"Take a book of stories by Anderson, Callaghan, Faulkner and Co. Shit. I don't compete with those punks"

Hemingway, Ernest, American writer and Nobel Laureate (1899-1961). Autograph letter signed.

[Paris], 6 November [1933].

4to. 6 pages on 3 ff. With autograph envelope.


A wide-ranging letter to Arnold Gingrich in Chicago ("Dear Major G"), editor of the newly minted "Esquire" magazine, written ten days after the publication of "Winner Take Nothing". Half of the letter is about writing short stories; the rest concerns Esquire (Hemingway’s comments on the first issue, his editorial advice, his arrangements with the magazine, etc.): "Your statement [in a recent letter] about when and where stories published absolutely correct and exactly what I wrote Scribners in July. Also wrote them what magazines to give credit to. That hasn't been done either. I am not responsible for their front matter. OK-ed final proof by cable with corrections. Never saw jacket until got book at Sylvia Beach’s [Shakespeare and Co. in Paris] [...] 'Mother of a Queen' and 'Day’s Wait' [stories in 'Winner Take Nothing'] are better stories than you think they are. But thanks very much for taking the trouble to comment. Trouble with 'One Reader Writes' [another story in the book] is that letter is exactly true and because I didn’t make you a picture of the woman. Papa was careless or it was too hot that day in Havana. I’ve written 3 books of stories now and there are 2 unsuccessful ones in the 3 books. I mean that [they] don’t do what they are supposed to do. There are no phony ones [...] Also when you have the time mark a volume - any one - of De Maupassant, Turgenieff, Chekov, Kipling, Merimee and see how you come out on stars and how many phonies there are. Turgenieff and Kipling rate plenty high. I’ve written more good stories and as good stories as Turgenieff - already. Kipling wrote 20 times as many and a damned sight better stories than I have. But I am going to get better as I get older and he didn't. So may have a chance. All right - Take a book of stories by [Sherwood] Anderson, [Morley] Callaghan, Faulkner and Co. Shit. I don’t compete with those punks. Faulkner will go straight for a damned fine wonderful first paragraph - Then get tired and start faking all over the place - Morley was damned honest but dull. He’s still dull. Since it seemed I learned everything I know from Sherwood better not criticize him. But the funny thing is that Sherwood and I both learned everything we knew at the start not from Stein but where Stein learned it - From Huckleberry Finn by Mark Twain. Anderson, however, wrote some damned fine stories [...]".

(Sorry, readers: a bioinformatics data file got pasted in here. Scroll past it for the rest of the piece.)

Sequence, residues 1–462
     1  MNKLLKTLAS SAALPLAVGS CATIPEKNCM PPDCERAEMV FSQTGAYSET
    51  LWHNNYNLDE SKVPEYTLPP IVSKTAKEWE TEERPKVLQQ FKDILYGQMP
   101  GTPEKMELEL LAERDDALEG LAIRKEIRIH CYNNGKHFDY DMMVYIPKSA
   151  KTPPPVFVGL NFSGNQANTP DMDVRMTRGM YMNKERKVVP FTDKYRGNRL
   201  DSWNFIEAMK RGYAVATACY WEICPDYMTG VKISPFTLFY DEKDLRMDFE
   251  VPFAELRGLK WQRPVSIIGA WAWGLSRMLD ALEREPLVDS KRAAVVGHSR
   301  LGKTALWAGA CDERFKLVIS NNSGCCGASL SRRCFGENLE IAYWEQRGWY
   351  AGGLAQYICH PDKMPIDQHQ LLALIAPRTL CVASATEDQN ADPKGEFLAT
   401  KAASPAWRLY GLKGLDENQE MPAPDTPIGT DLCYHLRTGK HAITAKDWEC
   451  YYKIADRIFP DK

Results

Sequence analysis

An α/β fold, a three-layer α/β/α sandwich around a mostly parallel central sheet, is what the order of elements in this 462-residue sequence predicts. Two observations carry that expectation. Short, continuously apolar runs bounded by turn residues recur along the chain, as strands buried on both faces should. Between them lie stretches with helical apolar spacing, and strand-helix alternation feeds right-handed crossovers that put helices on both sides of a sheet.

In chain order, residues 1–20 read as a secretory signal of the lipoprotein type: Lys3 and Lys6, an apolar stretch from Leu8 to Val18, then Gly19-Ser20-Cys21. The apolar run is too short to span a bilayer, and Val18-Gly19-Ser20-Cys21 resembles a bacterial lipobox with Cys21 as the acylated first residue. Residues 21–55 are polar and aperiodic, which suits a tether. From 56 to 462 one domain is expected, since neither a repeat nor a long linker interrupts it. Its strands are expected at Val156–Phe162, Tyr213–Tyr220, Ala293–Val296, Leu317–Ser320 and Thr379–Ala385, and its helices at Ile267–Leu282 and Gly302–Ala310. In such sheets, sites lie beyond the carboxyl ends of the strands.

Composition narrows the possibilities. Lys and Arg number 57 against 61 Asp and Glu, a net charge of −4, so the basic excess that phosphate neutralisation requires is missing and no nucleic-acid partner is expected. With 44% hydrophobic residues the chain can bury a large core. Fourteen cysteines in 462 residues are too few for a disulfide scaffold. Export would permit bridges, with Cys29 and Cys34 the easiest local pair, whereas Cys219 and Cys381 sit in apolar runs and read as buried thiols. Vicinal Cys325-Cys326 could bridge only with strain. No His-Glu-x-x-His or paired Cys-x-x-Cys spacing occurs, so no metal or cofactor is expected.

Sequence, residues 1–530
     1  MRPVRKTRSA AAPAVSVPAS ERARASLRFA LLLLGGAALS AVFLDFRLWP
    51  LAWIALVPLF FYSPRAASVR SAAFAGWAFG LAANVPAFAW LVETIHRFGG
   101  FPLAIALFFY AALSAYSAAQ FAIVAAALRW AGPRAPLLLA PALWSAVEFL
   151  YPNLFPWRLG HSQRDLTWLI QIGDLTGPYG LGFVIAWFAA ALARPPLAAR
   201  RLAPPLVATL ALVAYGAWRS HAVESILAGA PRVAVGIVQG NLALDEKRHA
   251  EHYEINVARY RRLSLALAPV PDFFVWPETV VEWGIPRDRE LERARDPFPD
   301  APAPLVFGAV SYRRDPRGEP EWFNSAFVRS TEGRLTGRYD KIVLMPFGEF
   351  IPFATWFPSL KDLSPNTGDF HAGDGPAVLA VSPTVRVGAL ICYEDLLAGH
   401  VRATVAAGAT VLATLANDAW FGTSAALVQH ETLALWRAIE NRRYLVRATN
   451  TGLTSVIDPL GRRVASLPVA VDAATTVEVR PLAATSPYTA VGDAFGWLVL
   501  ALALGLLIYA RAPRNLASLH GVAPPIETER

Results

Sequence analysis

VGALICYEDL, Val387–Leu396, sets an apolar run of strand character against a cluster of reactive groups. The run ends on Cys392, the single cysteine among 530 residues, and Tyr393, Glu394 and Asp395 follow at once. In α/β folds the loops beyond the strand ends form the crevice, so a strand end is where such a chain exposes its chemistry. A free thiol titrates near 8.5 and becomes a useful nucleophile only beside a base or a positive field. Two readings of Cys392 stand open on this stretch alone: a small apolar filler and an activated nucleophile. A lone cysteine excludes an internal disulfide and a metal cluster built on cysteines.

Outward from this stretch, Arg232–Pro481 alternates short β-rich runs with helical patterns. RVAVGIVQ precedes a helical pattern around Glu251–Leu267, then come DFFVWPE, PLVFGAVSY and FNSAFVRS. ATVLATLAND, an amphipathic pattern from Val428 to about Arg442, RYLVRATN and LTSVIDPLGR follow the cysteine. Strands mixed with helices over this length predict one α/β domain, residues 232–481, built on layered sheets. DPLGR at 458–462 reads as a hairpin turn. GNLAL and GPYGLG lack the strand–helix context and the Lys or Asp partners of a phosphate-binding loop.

1) Arnold Gingrich (recipient).

2) Jonathan Goodwin (Sotheby's Parke Bernet, 12 April 1978, part of lot 717).

3) Maurice F. Neville (Sotheby's New York, 13 April 2004, lot 109).


In pencil on three sheets of grey paper watermarked "Joynson Extra Superfine". Some light staining on the first sheet, last page a trifle soiled, original stamped envelope addressed in Hemingway’s hand. At the top of page 4 he has typed "Ernest Hemingway / Paris Letter", followed by a five-line typed beginning of the piece; all of this has been crossed through in pencil by him.


Hemingway, Letters (ed. Spanier et al.) V, 531-534.

Art.-Nr.: BN#63246 Schlagwörter: ,